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How to use Capacity Allocations to Compliment Prioritization

 

Prioritization is helpful but not always sufficient

Prioritization is critical: Knowing what is less and what is more important to the organization’s success is critical to be able to use precious team capacity wisely. Prioritization is critical. However, it is not fully sufficient. Additional tools are needed. 

Prioritization has one underlying assumption. In order to prioritize some work items, you need to be able to compare their value. And that may be very difficult to do. If you had to compare two user-facing features, like “product ratings” and “product Q&A”, it is not so hard to do because both features belong to the same domain of “consumer product evaluation”. And the organization may decide that in their case the “product ratings” feature ranks higher. Now, if we brought another feature from a very different domain, like the “vendor tax information” feature, it would be quite difficult to compare to any of the other two features, simply because they serve a substantially different purpose. And if we picked some infrastructure work or architectural capabilities, like rolling out a new cloud software update, it would be even harder to compare to the rest of the work items we’ve considered. You can certainly try forcing some priority scores in cases like this, but the value of such prioritization is very questionable, and you will be making very suboptimal decisions. A better method is needed.     

Capacity allocations

One such approach is capacity allocation. Instead of trying to compare apples to oranges in the backlog, we split the backlog into a few different “pockets”. So, in this example there could be two pockets like “product evaluation” and “vendor management”. And so, the first two features would belong to the first pocket and the third feature would belong to the second pocket. To decide which features we will be working on, we need to decide how much of the team’s capacity does each “pocket” get. So, we may decide that for the upcoming release, for instance, we will dedicate 70% of our total capacity to “product evaluation” functionality and the remaining 30% will go to “vendor management” features. So, see, we are making one higher level decision and then will simply use it for the duration of that timebox. And we certainly will continue prioritizing features, but now only within each pocket and not across. So, basically now we compare apples to apples and oranges to oranges.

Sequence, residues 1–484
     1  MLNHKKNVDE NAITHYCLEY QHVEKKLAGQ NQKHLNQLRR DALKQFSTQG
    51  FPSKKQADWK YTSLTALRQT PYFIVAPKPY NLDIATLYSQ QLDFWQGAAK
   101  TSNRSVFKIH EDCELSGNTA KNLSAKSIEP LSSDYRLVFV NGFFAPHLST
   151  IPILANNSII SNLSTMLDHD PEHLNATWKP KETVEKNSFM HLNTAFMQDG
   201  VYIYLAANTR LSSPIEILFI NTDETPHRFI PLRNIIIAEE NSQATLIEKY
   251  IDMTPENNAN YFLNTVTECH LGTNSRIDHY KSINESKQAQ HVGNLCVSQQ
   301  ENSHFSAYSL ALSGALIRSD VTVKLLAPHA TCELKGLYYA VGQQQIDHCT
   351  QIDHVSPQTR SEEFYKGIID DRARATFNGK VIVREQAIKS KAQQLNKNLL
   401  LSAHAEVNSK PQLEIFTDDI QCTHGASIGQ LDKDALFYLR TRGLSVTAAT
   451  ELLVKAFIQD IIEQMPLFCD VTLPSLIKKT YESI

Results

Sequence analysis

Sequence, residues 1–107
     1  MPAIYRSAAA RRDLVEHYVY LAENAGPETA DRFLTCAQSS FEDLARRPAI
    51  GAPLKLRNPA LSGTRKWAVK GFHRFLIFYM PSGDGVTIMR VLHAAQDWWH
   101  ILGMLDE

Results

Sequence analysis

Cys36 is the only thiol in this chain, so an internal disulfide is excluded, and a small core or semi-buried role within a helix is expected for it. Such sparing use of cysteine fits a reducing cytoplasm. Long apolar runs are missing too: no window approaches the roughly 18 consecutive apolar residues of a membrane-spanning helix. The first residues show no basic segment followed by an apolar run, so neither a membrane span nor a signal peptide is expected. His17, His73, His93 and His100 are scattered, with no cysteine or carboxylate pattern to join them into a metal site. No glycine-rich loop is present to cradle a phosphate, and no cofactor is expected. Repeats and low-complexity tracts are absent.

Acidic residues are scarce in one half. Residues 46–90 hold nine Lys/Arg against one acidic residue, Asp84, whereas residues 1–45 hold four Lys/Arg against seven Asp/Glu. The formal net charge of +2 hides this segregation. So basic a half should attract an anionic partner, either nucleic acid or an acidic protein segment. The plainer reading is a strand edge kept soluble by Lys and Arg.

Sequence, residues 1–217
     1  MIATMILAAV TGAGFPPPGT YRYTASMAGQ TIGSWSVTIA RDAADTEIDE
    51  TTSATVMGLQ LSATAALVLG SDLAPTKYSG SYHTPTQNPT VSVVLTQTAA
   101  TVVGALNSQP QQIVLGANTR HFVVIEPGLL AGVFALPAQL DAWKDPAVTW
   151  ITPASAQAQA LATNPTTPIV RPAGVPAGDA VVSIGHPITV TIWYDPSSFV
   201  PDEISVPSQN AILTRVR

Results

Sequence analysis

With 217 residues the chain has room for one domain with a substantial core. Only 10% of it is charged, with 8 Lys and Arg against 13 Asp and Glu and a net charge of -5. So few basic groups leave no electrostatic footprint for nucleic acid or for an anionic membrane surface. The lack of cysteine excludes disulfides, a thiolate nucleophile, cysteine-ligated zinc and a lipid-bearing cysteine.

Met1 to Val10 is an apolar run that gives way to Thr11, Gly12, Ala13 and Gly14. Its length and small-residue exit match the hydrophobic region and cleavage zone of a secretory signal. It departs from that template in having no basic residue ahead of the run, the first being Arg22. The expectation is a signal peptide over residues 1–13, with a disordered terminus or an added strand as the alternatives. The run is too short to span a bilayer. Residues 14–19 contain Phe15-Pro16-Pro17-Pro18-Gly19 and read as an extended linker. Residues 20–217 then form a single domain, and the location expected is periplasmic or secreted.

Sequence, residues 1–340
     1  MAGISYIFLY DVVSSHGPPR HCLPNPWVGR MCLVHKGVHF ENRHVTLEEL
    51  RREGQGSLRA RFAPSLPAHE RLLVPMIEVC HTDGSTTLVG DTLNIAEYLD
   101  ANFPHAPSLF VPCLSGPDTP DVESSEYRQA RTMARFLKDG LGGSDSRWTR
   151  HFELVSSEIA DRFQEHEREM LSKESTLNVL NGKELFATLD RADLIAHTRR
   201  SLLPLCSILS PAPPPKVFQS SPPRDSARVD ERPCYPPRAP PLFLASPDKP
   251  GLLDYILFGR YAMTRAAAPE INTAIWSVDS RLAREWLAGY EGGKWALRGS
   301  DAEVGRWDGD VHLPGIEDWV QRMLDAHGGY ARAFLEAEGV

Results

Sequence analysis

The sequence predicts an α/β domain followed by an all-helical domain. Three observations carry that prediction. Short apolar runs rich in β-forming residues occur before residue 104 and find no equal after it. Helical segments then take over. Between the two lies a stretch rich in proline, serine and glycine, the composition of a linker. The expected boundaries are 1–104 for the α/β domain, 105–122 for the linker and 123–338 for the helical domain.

Using capacity allocations effectively

Here are a few suggestions on how to use capacity allocations effectively.

First. Pay a lot of attention to executing work according to capacity allocations that you have defined. See, what sometimes happens is that the intended allocations of capacity do not work out in reality. This may happen for multiple reasons: maybe the amount of effort is incorrectly estimated, or maybe the team lacks discipline in terms of sticking to specific allocations, or maybe it’s the stakeholders that lack the discipline and the whole work intake process is broken, the work is brought to teams in a rather chaotic manner, and that, of course, does not help. So, whatever it is that inhibits the use of capacity allocations—that root cause—it would have to be addressed. 

Second. It’s up to you to decide what timeframe is a particular capacity allocation valid for. They may be defined for the duration of a couple of months or just a few weeks. It fully depends on the amount of uncertainty you are dealing with in your context. Some teams and programs define capacity allocations only for one two-week iteration and after that they need to recalibrate, so to speak. Some may have them defined for a quarter, just because their work is more stable. 

Taking action

Please think of one specific action item that will help you advance your group’s productivity with capacity allocations. 

Learn more

Capacity Allocation. Scaled Agile Framework®. https://www.scaledagileframework.com/program-and-solution-backlogs/.

Alex Yakyma

Alex Yakyma is the author of “Pursuing Enterprise Outcomes” and “The Rollout”. As a consultant, Alex is helping enterprises succeed with complex challenges. Throughout his career, he operated in multi-cultural, highly distributed environments. Alex has trained a large number of change agents and leaders whose key role is to help their organizations achieve higher effectiveness at pursuing business outcomes.

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